Calgary and Montreal are on track to eclipse Toronto and Vancouver as Canada’s fastest growing luxury real estate market this year as rising consumer confidence boosts demand for homes over $1 million.
A new Sotheby’s report on the luxury sector shows sales of $1 million-plus homes in Montreal increased by 20 per cent to 104 units in the first two months of this year, while transactions in Canada’s two largest metropolitan areas flagged amid headwinds from government policy interventions.
“Montreal has been Canada’s ‘dark horse’ in luxury real estate,” said Brad Henderson, president and chief executive of Sotheby’s International Realty Canada. “For many years, political uncertainty and a stagnant economy tethered performance, but those factors have now dissipated. This spring, we expect strong gains that will set new records for the city.”
An uptick in luxury sales is also expected in Calgary as growth in the province’s gross domestic product exceeds expectations and an increase in oil prices, manufacturing exports and population flows improve consumer confidence. Sales of real estate priced over $1 million rose 45 per cent to 94 units in January and February compared to the same period a year ago.
Meantime, luxury markets in Canada’s two largest metropolitan areas posted significant declines as a series of new market-cooling measures took effect. Last April, the Ontario government introduced a package of measures including rent controls and a 15 per cent foreign buyers tax. And in January, the Office of the Superintendent of Financial Institutions tightened qualification rules for uninsured mortgages.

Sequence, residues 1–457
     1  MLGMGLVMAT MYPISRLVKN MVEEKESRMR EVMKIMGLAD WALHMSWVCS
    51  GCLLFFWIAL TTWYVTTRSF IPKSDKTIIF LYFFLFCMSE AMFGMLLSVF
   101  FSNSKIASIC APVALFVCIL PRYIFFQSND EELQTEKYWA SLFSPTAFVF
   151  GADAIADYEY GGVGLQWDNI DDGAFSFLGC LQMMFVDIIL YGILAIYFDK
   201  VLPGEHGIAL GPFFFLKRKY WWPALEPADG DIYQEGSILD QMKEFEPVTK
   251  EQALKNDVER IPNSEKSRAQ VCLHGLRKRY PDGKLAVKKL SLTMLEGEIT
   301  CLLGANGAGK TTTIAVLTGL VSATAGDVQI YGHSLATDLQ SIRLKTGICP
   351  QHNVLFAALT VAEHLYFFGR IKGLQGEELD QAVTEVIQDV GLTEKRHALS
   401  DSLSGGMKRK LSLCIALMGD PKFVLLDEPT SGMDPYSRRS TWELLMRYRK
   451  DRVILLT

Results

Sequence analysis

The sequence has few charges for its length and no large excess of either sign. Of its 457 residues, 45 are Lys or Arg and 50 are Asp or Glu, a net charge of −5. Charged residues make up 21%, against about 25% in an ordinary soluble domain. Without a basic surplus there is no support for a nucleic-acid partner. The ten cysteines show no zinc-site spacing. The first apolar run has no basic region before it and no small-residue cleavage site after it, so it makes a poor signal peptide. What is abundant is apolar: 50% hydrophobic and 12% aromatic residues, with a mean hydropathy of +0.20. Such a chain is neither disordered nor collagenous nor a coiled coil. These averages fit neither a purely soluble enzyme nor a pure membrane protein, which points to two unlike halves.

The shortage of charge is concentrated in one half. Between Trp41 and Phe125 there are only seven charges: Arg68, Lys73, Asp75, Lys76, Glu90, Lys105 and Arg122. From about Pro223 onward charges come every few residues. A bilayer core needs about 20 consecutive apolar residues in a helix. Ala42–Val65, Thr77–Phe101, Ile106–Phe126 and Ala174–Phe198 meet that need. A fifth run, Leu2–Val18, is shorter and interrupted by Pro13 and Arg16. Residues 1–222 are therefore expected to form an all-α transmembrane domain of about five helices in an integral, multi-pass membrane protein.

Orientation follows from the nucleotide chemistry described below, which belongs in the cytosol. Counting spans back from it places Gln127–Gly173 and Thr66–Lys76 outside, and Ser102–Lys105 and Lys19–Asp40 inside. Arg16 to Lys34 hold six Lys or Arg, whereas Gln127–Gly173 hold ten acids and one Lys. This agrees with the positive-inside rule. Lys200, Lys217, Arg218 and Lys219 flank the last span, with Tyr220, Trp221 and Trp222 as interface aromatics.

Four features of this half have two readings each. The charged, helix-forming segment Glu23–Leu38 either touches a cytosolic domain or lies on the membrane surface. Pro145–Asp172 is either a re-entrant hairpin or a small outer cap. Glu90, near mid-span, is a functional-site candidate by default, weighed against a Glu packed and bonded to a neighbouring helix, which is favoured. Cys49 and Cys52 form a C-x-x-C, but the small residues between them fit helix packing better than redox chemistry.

In the Greater Toronto Area, sales of properties worth over $1 million tumbled by 55 per cent to 1,498 units, and 56 per cent to 31 units for $4-million homes in January and February, Sotheby’s said. Sales of Toronto condominiums worth over $1 million were down 10 per cent in the first two months of the year.
In Vancouver, sales of single family homes worth over $1 million fell 39 per cent to 193 units in the first two months of the year, even as the city’s condominium boom continued. Transactions of condos worth more than $1 million soared 51 per cent to 232 units sold.
Sotheby’s cautioned that the Toronto figures presented an “incomplete picture,” when compared to the first quarter of 2017, a period when sales soared to record levels.
“The first quarter of 2017 in Toronto was an abnormally high and active market so to compare it to that timeframe is to compare to an unfair benchmark,” Henderson said, adding that current economic fundamentals in Toronto, such as employment and consumer confidence, remain strong.
“The market has had to absorb a lot of shocks and when there’s uncertainty, people move to the sidelines. I think you’ll see growth in the number of transactions and continued upward pressure on prices in the second, third and fourth quarters.”
In the short term, Henderson isn’t quite so bullish on Vancouver, where aggressive new government policies – including an increased foreign buyers tax and a new speculation tax – were introduced last month.
“Specifics on those measures won’t be forthcoming for a number of months,” he said. “ So we expect activity in Vancouver to moderate or decline versus what it is now.”
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